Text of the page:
Roadblocks to Bridges: How municipal governments, NGOs and companies can unlock inclusive cities
Our recent article in Stanford Social Innovation Review outlined a new urban vision – one that centers on inclusive cities that foster growth through safe living conditions, greater integration within cities and improved legal protection and dignity for informal workers.
“We want to redefine the ‘world-class city’ as an inclusive city,” we wrote. “All people have a fundamental right to live with basic dignity, in decent conditions and with prospects for economic mobility and social inclusion.”
But just who is responsible for making this new “world-class” city a reality?
Ultimately, municipal governments must lead in making investment and policy decisions that support all urban citizens. However, additional steps can support municipal governments in this endeavor, including increased information availability, expertise in implementing inclusive urban models and greater empowerment of informal workers. In these areas, urban planners, multilateral organizations, non-governmental organizations (NGOs) and academics are natural contributors; indeed, as highlighted in the examples below, some of them have already begun to help.
Municipal Catalyst 1: Increase information availability and use for decision-making.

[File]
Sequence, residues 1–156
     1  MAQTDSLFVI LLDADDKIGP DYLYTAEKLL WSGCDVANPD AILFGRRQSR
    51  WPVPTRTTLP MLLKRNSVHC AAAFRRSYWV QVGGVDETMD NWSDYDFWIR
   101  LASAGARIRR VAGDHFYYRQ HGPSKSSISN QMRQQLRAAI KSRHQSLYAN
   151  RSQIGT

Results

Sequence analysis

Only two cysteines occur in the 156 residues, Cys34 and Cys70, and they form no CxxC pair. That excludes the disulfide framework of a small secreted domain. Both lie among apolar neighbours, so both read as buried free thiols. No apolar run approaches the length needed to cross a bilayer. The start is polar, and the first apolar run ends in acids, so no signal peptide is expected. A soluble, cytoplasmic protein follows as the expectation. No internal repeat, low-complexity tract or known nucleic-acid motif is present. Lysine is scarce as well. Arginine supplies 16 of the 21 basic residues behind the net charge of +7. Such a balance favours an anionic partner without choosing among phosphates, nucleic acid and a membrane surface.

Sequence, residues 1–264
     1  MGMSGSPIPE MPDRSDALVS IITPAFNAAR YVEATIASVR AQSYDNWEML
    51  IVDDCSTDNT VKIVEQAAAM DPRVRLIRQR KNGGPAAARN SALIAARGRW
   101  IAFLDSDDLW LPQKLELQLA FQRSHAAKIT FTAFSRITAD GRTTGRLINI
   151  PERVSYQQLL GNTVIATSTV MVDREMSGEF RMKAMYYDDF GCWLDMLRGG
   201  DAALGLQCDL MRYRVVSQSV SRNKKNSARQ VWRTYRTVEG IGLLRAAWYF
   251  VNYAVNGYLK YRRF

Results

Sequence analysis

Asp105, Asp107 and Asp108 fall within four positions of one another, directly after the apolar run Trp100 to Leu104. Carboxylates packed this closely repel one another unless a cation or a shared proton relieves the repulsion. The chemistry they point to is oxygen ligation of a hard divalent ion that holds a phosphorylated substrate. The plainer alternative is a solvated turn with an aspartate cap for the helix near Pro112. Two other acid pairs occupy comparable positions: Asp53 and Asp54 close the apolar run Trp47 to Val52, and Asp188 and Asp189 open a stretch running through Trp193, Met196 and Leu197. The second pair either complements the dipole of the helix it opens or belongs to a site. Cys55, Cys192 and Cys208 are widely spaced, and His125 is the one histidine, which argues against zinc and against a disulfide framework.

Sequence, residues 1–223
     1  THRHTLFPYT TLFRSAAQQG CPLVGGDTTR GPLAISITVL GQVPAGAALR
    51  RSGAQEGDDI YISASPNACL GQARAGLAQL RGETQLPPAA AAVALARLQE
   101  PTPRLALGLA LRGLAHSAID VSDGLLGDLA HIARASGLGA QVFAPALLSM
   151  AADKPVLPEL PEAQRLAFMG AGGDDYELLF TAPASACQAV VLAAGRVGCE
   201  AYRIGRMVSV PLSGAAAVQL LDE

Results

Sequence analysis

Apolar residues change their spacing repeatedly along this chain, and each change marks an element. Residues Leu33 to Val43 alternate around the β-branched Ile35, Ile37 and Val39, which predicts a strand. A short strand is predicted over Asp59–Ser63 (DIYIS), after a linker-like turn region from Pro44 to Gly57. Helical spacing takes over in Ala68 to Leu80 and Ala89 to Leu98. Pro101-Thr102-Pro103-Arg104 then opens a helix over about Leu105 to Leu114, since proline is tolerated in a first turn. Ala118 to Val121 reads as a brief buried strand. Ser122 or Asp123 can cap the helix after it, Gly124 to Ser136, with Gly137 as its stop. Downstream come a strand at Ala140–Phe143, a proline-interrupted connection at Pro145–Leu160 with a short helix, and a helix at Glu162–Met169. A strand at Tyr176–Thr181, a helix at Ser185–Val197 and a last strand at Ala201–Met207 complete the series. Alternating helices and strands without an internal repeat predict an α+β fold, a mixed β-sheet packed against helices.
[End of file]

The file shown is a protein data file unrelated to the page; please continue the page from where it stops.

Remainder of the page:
Problem: Data about informal economies and settlements is limited, restricting municipalities’ ability to make informed, inclusive urban planning and investment decisions.
Progress: Through innovative research and technology, a few players have reduced this information gap. For example, Nairobi-based Spatial Collective uses hand-held GPS devices to collect detailed data about slums to inform community development strategies. At a more macro level, Santa Fe Institute and Slum/Shack Dwellers International (SDI) are building upon existing local-level data to aggregate, standardize and disseminate data about slums to urban decision-makers.
Next Steps: While these data collection and analysis efforts are promising, too few municipalities and other key decision-makers are taking advantage of it. The next big challenge for multilaterals and NGOs is to inform inclusive urban decision-making by creating incentives for municipalities to use available data, and increasing awareness of the contributions informal settlements and economies make to urban economies.
(A Spatial Collective employee conducts a survey in Mathare. Image credit: Spatial Collective.)
Municipal Catalys?t 2: Support implementation of inclusive urban planning models.
Problem: Municipalities often lack the expertise to implement inclusive urban development strategies.
Progress: NGOs and multilaterals such as UN-HABITAT and Cities Alliance promote inclusive approaches to urban development, emphasizing that inclusivity helps cities address urban challenges such as safety, security and disaster management. In some cases, organizations have worked directly with municipalities to develop inclusive urban planning strategies. For example, Cities Alliance, the World Bank and USAID are working with the Mumbai government to support more inclusive plans for the city, including extensive slum upgrades and a re-engineered road transport system. In Africa, Global Communities worked with the Sekondi-Takoradi Metropolitan Assembly in Ghana to prepare a more inclusive City Spatial Development Plan, which proposed upgrading historic areas to support both formal and informal economic activity, as well as a road network to connect underdeveloped areas on city outskirts to other parts of the city.